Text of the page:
So take some time that you undoubtedly have. Instead of watching the next episode of whatever show you’re currently watching, sit down in front of your laptop and make a plan. Inform yourself and become the kind of leader that enjoys taking responsibility. If more people would be like that, imagine how great a place our earth could be.

What will your plan be?

 

How can organisations contribute to the skill development process of young people?

More often than not young people feel under prepared after graduating and then moving through their first job and hands on experience into doing something practical. It is because of the gap in the knowledge and experience that can prepare them to know what is required to get hired or what skills are required to work in a dynamic work environment. From freshmen through final year in college the amount of information and experience one receives to put them on a path of gaining necessary skills to work are few to none.

Where I see incapability and a gap of the university regime to change the course and develop some educational and experiential programs, I see an opportunity for organisations to step in during a young person’s university experience and be more accessible through online or physical means, like internship programs, to really develop the kind of skills required in the industry.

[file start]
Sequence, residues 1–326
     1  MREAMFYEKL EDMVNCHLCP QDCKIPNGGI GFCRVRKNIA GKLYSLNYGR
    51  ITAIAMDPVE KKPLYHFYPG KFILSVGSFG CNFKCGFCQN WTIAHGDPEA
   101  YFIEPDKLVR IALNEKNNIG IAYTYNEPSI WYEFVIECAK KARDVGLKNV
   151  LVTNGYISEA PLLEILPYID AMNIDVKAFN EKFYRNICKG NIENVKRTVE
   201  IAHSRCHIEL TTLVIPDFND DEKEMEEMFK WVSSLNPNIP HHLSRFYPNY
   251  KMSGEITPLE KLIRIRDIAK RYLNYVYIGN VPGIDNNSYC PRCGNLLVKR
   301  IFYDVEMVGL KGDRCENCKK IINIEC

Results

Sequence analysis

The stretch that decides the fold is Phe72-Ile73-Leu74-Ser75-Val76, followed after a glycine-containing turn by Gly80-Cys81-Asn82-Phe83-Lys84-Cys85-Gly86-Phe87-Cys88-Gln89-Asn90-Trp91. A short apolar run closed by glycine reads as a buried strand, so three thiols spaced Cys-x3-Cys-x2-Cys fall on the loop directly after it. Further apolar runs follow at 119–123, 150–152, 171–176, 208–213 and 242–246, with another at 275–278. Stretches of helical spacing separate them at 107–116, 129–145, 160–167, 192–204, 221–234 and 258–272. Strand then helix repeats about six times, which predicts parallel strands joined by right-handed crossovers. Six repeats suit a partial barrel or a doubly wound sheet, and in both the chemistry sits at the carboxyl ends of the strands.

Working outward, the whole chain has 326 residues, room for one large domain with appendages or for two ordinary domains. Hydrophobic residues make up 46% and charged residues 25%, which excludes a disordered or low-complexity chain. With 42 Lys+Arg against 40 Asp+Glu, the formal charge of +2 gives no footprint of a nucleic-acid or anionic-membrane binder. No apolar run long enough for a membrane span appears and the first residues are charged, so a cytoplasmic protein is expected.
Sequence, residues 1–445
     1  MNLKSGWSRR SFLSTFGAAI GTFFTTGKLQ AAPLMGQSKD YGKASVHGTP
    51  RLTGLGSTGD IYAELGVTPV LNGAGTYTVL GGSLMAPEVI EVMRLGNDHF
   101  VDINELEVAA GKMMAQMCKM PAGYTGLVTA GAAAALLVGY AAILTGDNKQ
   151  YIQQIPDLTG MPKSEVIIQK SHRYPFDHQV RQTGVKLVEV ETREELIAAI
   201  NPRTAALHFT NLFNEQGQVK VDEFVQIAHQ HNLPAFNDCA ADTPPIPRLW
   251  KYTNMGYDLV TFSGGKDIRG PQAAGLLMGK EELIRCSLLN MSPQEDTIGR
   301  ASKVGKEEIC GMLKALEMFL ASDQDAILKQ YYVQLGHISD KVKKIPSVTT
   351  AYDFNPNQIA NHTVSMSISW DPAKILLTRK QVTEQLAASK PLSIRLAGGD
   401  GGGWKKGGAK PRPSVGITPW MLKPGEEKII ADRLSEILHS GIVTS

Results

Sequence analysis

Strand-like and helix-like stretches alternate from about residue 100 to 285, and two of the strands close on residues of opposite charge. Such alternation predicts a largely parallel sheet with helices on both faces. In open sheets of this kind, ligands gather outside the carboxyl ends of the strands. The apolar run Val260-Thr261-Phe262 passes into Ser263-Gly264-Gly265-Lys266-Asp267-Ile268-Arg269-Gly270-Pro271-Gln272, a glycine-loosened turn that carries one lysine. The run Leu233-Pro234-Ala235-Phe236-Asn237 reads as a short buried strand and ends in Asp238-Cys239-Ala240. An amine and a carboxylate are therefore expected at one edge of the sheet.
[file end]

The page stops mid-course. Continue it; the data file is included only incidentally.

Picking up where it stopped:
In this blog I want to talk about the gaps in skill development of young people, and where can organisations step in and contribute:

 

  1. No idea about which educational programs will land them a job

Remembering your own days when transitioning from school to college and trying to figure which path to choose so that you have a successful career was a gamble. Eventually you end up choosing the most common one and where the crowd sways to. Providing insights and communicating exactly what companies are looking for becomes a key agenda for developing skilled individuals. What will define for companies the decision to hire – experience, a degree, internships, extracurricular activities? These basic questions can be answered for example through a program with freshmen in college. Most companies don’t meet college students until they are in their pre-final or final years. Why not do it earlier?

 

  1. Opportunities for young people to start hands on experience with the industry during college years